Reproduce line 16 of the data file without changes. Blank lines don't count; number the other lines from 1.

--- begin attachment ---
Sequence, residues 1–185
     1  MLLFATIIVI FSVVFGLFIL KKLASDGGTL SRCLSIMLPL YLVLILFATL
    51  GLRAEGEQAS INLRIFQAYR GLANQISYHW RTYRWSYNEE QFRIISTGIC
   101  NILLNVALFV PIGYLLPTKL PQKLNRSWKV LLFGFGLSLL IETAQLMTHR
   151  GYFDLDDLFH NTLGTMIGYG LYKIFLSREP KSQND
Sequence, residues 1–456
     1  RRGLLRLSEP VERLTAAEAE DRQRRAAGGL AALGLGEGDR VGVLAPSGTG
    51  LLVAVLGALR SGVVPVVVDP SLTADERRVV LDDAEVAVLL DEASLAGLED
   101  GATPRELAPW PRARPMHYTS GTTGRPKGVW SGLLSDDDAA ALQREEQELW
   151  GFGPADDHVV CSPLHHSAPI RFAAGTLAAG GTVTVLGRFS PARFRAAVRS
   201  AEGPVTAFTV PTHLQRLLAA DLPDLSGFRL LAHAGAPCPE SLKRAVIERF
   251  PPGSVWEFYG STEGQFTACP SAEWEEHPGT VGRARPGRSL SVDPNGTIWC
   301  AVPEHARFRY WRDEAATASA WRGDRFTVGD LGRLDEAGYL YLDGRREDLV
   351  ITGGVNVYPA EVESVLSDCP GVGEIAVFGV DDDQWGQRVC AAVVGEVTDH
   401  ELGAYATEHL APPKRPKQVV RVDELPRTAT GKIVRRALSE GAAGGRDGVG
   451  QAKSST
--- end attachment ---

   451  QAKSST